The Power of Christ’s Resurrection
‘Like as Christ was raised up from the dead by the glory of the Father, even so we also should walk in newness of life’ (Rom. 6:4).
The keynote of this inspiring paragraph is life in union with the risen Christ. Behind us lies the death of our Lord, which severed for his people their fellowship with the world. As the voice of praise or blame cannot reach the dead, but are arrested at the fast-closed ears, so it is intended that the murmur of the world should not affect us, but that we should be set only on the will of God.
It is not wise, however, to dwell always on the negations of the Christian life. It is true that they are always present, but to dwell on them is to miss the power by which self-sacrifice and self-denial become easy. Do not live on the dying but on the risen side of the Saviour’s work. Behold him as he goes forth upon his upward way to the throne of glory. Seek to experience union with him in the likeness of his resurrection (Phil. 3:10).
There ought to be a finality in our experience. It is good for us to recognize the break with our past life. It must be clearly defined; we must have done with it for ever. It is possible that we may be tempted, and come temporarily beneath the dominion of old sins; but in principle, like the Israelites, we have passed from Egypt, never to return to it, and the Red Sea of Christ’s redemption severs us from our former condition. We do not reckon ourselves to be dead to sin in the sense that our nature is henceforth incapable of sinning. If we think thus, we shall soon be disillusioned, and find that tendencies and strivings are within us which prove the contrary. But we must reckon that we have died to sin, and whenever temptation comes, that it has no claim upon us. Nelson turned his blind eye to the signal to retreat from action, and we are to turn blind eyes and deaf ears to the tempter.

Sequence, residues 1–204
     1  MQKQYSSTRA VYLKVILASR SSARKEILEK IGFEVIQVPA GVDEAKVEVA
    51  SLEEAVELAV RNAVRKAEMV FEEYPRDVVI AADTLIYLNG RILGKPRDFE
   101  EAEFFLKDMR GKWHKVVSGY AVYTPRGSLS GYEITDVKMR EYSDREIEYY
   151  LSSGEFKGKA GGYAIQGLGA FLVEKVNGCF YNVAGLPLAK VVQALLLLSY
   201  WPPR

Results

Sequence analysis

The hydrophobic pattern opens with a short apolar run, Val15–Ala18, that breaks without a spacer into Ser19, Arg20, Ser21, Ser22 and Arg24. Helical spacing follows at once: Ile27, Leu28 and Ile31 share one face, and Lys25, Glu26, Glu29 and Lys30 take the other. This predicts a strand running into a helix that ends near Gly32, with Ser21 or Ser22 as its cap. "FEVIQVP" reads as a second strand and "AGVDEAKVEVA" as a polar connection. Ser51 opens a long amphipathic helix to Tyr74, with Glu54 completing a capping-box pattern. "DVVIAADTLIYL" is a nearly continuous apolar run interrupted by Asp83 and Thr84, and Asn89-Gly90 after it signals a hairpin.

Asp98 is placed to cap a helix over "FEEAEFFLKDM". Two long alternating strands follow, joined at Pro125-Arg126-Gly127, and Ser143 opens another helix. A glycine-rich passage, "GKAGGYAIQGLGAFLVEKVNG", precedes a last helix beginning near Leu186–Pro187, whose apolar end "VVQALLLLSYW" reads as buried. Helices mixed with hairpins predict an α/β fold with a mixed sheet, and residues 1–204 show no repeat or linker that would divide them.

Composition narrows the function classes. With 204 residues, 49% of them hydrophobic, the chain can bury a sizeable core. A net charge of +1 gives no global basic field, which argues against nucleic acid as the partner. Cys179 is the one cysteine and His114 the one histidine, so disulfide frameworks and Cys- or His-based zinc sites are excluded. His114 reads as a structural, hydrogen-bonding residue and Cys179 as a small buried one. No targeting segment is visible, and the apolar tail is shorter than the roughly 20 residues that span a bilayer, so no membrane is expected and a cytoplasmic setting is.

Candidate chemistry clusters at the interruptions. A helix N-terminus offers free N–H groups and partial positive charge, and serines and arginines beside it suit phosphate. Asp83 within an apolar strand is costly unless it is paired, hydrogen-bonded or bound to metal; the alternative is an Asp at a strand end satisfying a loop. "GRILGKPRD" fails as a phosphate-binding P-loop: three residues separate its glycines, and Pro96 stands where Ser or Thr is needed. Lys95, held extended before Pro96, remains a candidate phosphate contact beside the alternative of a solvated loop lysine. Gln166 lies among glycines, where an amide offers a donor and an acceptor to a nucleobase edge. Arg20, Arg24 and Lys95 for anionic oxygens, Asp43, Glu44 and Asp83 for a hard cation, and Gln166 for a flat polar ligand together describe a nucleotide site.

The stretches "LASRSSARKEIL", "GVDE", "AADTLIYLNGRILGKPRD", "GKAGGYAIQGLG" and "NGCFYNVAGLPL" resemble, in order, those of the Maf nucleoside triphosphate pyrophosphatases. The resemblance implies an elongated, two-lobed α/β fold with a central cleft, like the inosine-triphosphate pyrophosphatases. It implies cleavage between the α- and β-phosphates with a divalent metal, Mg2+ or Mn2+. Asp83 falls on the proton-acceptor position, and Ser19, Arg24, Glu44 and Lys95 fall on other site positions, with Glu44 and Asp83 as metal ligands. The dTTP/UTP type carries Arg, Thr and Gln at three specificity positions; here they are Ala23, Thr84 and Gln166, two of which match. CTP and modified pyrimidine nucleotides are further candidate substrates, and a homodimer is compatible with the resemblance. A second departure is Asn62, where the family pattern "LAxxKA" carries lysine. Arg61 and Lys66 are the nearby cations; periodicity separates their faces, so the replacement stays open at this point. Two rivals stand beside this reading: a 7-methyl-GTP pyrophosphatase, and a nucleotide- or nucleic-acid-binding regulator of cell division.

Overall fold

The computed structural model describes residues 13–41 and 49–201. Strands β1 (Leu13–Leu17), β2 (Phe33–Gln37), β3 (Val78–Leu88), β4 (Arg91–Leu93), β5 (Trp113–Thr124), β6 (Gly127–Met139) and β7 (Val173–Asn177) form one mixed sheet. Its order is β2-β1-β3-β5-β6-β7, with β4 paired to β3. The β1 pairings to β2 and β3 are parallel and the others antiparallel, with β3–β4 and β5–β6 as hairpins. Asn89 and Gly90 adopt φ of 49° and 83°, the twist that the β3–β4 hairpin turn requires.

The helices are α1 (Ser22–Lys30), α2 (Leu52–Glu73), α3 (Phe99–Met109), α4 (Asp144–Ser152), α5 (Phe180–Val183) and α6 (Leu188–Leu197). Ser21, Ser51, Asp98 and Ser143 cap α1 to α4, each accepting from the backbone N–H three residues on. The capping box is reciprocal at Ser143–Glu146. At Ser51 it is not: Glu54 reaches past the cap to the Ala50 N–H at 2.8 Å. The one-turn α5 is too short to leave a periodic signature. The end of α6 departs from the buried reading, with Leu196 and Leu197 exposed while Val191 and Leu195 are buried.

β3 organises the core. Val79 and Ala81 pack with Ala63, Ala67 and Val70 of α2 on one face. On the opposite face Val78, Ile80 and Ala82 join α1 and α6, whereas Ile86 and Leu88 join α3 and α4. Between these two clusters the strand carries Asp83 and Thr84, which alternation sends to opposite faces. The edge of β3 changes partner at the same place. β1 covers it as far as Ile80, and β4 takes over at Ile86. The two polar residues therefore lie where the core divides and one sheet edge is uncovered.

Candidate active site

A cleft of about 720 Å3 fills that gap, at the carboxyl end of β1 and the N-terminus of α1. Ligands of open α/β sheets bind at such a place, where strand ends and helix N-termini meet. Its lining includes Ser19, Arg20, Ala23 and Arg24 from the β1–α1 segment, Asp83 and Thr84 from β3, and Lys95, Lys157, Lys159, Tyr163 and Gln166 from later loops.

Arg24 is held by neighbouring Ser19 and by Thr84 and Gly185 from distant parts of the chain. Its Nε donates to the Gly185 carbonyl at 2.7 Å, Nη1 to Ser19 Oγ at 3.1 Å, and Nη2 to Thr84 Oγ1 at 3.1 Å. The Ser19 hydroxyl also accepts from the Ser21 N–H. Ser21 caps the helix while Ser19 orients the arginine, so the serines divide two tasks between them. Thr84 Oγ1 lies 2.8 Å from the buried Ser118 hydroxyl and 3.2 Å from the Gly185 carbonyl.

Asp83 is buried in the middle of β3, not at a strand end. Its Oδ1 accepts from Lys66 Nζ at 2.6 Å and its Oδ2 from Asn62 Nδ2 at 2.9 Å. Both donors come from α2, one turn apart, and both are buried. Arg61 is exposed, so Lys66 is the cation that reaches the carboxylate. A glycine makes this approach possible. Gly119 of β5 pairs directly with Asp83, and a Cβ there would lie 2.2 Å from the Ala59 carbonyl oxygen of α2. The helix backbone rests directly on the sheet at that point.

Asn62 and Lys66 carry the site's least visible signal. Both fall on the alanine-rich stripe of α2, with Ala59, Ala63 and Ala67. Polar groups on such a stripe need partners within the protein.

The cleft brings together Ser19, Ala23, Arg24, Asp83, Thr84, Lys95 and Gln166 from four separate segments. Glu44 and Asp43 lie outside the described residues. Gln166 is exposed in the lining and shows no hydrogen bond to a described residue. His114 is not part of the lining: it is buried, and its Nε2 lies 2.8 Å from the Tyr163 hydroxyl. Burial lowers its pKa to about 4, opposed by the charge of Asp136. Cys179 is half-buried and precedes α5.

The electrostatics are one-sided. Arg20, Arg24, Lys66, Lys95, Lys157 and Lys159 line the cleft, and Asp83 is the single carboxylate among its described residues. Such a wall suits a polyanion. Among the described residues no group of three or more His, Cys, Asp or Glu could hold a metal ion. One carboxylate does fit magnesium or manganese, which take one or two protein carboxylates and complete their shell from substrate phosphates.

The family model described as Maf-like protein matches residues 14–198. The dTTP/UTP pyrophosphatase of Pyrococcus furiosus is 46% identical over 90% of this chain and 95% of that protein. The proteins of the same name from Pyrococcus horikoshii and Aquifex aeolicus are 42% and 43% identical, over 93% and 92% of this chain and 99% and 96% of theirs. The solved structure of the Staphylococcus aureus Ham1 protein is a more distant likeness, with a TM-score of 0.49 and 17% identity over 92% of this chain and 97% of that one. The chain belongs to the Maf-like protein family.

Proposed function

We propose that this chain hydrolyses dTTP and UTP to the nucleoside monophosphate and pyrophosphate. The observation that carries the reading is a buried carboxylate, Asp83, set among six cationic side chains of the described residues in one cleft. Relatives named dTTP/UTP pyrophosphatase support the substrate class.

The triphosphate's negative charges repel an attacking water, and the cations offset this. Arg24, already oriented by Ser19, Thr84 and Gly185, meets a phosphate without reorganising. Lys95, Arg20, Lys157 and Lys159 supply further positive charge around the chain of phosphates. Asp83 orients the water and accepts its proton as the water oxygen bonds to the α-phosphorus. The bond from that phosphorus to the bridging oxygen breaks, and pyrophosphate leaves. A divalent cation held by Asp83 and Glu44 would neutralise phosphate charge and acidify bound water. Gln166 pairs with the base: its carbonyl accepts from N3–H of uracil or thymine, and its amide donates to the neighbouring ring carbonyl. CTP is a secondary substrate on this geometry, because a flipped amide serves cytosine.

The apostle says that we are to present our members as instruments of righteousness to God. Do not look at the tempter, but at Christ; yield the eyes, ears, heart and mind to him, that he may make the best possible use of them; and that which becomes the habitual practice of the outward life will inevitably affect the soul and spirit.
Constrained by thy love, O Lord, we would here present ourselves, spirit, soul and body, not to live unto ourselves, but unto thee who didst die and rise again. Amen.
*Excerpted from Our Daily Walk: Daily Readings by F. B. Meyer (Christian Heritage, 2010).
About F. B. Meyer:
On F. B. Meyer’s death in 1929 The Daily Telegraph called him ‘The Archbishop of the Free Churches’. The New York Observer noted that ‘He has an international fame and his services are constantly sought by churches over the wide and increasing empire of Christendom.’ To the secular press of his time he was a key player on the world scene. Meyer was the minister one of Britain’s first ‘megachurches’. He was friends with D. L. Moody and ministered on both sides of the Atlantic, mirroring in America what D. L. Moody was able to undertake in the U.K. He came from a conventional, middle class Victorian background and experienced no dramatic conversion. He was not a distinguished scholar or dramatic orator. His slight figure and retiring manner meant that he did not stand out in a crowd. Yet he drew crowds by the thousands, wrote books, which sold by the millions, and attracted working class people.The range of Meyer’s activities is astonishing: preacher, pastor, writer, social activist, free church leader, Baptist president, advocate for missionary work and more. In his last years, he declared, ‘If I had a hundred lives, they should be at Christ’s disposal.’ At times, it seemed as though he was living a hundred lives!
Where to Buy:
Our Daily Walk: Daily Readings by F. B. Meyer is available at any good Christian bookstore. If you don’t have a Christian bookstore near you, you may want to consider purchasing a copy from one of the online book retailers listed below: